This is probably obvious at this point, but yea. Street Fighter 4 has converted into the mainstream-without a doubt, it is exponentially more popular than its predecessor, Third Strike. Rather than a few hardcore purists playing at great expense and exclusivity (due to the near-extinction of local arcades), anyone can play and compete. If you have hundreds of thousands of people trying to improve, chances are, they will eventually overtake the hundreds of purists. The purists realize this also and largely complement their arcade playing with console, online competition. The grand finals EVO stream reached a viewership of 500,000 people despite being shown at a late hour in most parts of the world.

Just as poker went from dark, smoke-filled places to regular people’s homes and screens, Street Fighter has made its way from Japan to a few local arcades to countless consoles around the world.

Now, let’s see if we can keep this thing going. And like Mike Ross said, let’s please take things like the Spelling Bee off of ESPN and show people the exciting world of Street Fighter competition. We know that at least half a million would tune in for sure, while the rest of the world might soon find interest also.

Rise of Texas Hold'em Poker Breeds the Same Old Characters

You can't go anywhere these days without seeing or hearing about poker. The extensive television coverage has helped make Texas Hold'em poker a worldwide phenomenon. With local casinos and charity poker events popping up all the time, now anybody can get in on the action. While the increasing popularity of poker has brought created a slew of new players, the same five personalities always seem to be present at every game:

1.) The Young Punk: The "Young Punk" is a 21 to 26-year-old kid who plays video poker at home any chance he gets. He is aggressive and arrogant. He makes lewd comments about girls he's conquered and after he bluffs you out shows you his cards to reinforce his superiority and your stupidity.

If he wins a big pot, he instantly irritates the table by recapping the brilliant strategy he used to win your money.

When the punk finally loses, it is never his fault — it's always a fluke.

2.) The Big Mouth: The "Big Mouth" is the guy at the table who never stops talking. He thinks his yapping is a great tool in psyching out his opponent. He tries to be witty and entertaining by offering insults to other plays regarding their weight and receding hairline.

The irony however, is that the "Big Mouth" is always a balding 300 pound man that sweats profusely. When he loses, his bravado is destroyed and he returns to his natural state as a fat slob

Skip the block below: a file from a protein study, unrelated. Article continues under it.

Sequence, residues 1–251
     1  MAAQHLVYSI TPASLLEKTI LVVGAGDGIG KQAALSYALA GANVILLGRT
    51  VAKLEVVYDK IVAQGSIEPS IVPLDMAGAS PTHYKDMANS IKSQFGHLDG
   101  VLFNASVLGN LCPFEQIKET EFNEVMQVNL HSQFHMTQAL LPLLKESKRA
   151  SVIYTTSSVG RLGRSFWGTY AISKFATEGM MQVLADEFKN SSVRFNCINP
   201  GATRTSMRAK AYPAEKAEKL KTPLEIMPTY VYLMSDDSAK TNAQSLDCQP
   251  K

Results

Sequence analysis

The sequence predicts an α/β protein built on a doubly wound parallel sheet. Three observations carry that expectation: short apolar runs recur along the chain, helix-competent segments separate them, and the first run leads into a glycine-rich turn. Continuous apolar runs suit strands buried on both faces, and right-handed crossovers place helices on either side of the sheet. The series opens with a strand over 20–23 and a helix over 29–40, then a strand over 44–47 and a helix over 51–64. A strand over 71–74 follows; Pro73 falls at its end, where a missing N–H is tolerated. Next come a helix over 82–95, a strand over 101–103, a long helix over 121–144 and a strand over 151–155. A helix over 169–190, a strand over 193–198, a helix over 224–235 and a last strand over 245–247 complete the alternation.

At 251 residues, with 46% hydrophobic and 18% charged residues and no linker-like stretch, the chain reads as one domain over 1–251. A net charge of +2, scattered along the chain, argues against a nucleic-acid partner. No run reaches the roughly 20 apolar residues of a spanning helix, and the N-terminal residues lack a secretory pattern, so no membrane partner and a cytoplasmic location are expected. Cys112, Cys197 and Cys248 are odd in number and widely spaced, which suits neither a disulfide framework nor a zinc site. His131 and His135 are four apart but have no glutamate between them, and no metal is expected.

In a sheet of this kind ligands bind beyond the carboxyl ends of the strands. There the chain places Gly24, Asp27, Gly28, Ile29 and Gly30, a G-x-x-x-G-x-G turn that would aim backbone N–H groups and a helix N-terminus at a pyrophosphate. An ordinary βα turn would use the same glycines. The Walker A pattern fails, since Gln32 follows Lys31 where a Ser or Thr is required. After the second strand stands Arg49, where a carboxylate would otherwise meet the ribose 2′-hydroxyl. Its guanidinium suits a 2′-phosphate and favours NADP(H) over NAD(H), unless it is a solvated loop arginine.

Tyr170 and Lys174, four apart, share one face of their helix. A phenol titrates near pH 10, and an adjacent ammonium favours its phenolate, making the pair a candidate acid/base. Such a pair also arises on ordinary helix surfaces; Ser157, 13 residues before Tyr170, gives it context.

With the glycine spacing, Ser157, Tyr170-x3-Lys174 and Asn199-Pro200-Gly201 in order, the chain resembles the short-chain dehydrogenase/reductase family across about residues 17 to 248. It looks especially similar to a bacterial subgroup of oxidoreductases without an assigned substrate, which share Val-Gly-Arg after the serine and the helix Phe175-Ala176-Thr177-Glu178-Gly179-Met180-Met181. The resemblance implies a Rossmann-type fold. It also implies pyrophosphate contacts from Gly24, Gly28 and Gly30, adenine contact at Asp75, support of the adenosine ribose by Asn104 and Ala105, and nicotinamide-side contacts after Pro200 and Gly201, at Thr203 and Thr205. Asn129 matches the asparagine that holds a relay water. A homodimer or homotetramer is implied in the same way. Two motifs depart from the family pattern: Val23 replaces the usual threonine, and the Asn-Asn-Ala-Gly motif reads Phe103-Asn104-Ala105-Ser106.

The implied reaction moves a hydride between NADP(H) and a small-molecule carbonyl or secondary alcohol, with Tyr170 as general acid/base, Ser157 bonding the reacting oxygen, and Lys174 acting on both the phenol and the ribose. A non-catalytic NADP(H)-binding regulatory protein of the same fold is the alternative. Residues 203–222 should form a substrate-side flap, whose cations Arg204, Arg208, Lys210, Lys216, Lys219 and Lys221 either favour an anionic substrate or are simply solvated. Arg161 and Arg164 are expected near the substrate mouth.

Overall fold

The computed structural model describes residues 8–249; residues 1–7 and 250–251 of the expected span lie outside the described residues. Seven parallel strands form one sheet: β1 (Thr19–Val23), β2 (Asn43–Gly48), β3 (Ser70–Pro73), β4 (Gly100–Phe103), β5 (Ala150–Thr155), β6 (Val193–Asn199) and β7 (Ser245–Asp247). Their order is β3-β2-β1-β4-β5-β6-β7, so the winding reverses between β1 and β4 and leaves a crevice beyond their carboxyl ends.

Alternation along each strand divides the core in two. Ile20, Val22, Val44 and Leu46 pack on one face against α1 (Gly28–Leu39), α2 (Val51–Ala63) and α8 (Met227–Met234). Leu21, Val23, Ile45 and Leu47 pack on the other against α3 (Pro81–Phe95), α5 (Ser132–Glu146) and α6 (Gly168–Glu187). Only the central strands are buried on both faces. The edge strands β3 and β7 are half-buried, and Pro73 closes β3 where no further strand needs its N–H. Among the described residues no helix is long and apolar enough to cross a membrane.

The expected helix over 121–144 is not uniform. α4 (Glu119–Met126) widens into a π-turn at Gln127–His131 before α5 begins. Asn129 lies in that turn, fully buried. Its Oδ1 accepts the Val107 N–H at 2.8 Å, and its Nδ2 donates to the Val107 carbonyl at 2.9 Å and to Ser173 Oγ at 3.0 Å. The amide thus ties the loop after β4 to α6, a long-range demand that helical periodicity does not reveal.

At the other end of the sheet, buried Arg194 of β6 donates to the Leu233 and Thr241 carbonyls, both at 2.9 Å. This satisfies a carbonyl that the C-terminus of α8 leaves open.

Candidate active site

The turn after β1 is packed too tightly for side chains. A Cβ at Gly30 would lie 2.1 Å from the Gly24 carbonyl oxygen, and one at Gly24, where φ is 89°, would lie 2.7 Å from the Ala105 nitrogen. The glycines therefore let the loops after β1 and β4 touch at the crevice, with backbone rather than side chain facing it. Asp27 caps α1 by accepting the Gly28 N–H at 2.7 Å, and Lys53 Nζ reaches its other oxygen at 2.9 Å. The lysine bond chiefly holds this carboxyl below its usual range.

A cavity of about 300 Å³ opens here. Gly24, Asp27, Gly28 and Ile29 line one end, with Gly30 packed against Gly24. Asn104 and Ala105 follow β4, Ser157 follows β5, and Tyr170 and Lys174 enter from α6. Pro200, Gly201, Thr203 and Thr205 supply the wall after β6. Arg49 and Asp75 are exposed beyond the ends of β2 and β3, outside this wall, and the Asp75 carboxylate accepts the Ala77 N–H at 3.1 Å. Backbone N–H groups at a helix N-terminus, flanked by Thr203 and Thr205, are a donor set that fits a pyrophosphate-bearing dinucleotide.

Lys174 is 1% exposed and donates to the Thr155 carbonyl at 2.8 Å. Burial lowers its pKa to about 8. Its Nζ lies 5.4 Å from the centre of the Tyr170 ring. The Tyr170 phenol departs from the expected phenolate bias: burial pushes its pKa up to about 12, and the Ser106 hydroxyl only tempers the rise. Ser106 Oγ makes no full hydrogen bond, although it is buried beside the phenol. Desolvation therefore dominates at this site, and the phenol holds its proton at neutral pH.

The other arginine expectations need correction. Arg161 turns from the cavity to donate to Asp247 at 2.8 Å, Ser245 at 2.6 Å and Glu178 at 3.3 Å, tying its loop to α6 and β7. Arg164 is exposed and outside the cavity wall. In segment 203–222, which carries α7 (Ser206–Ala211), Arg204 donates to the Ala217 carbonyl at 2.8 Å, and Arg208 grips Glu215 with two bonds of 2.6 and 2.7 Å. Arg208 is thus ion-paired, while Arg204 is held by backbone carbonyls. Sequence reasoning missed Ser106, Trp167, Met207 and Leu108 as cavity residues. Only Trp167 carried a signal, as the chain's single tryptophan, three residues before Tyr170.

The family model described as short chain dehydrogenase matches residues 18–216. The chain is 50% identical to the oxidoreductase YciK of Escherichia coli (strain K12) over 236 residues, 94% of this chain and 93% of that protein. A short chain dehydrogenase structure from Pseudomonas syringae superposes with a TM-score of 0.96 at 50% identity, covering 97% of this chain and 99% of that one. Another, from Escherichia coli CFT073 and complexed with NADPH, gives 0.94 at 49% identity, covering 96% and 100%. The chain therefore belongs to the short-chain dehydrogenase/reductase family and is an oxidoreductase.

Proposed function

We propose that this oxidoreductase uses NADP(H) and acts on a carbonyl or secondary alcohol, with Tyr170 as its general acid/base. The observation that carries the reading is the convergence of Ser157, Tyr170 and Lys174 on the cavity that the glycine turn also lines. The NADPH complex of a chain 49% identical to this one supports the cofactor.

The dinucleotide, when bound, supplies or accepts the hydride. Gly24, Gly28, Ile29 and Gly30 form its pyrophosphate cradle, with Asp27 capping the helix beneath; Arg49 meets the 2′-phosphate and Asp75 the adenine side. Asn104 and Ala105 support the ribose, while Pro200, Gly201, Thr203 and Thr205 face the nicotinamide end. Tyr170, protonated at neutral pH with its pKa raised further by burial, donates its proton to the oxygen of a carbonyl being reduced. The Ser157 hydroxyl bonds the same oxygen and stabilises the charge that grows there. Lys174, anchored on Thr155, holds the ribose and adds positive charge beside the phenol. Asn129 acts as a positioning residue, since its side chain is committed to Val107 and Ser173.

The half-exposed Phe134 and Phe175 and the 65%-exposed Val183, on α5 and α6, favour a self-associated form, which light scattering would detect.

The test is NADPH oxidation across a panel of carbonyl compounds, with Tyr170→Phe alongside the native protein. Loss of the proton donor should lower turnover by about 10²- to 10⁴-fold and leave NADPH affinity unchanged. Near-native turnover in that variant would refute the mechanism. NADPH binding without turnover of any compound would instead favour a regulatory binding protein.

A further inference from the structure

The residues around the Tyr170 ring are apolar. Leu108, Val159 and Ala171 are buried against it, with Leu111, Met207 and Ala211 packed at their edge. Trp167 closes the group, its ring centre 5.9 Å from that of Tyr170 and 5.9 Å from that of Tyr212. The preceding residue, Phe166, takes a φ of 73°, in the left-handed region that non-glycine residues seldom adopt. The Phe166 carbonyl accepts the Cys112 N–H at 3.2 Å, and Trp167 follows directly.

with a big mouth and no money.

3.) The Turtle: The "Turtle" is the guy who takes forever to make a decision. He sits there, cards in hand, with a blank stare unable to make a move. He is oblivious to the other players at the table. As time passes the players grow impatient. They start to fidget and make annoying sounds.

This is done to try and get the "Turtle" going. Finally, he folds his cards and play resumes.

When entering the casino bathroom the "Turtle" will read the gender description, hesitate slightly and finally make the appropriate choice.

4.) The Retiree: The "Retiree" plays poker just to pass the time. Due to his poor eyesight he often asks the dealer to read him the flop. The "Retiree" is generally a conservative player who sits out an occasional hand to administer his medicine. Everybody at the table likes the old timer but have no qualms about taking advantage of his failed memory and other senior moments.

5.) The Fish: Finally there is the "Fish." The "Fish" is usually a middle-aged man who goes to the casino because he does well against his friends at his weekly card game. You can usually identify the fish by his low stack of chips. During the game he frequently visits the ATM machine. He constantly fields calls from his wife and lies about his whereabouts

After losing his bankroll and realizing he is out of his league, the "Fish" is sadly relegated to writing Internet articles about poker.

I'm all out.

Steps to Becoming a Pro at Online Poker

Step 1- DO NOT play when you are stressed out. This happens all to often, someone will have a lot of bankroll on their account and be in a bad mood one day and lose it all. You have to be cool calm and collective to play well.

Step 2- Pro Players very rarely play a hand and when they do they usually are holding something good. that being said, sometimes they will sense your noviceness and try and break you.

Step 3- FOLD Often. It is never to late to fold on a hand. If your hand is crappy don't call every bet. If you are the big blind and everybody calls you go ahead and check out the flop. But if someone raises your blind and your holding an 8,3 FOLD.

Step 4- Learn what the good hole cards are. There are numerous web sites that will teach you these.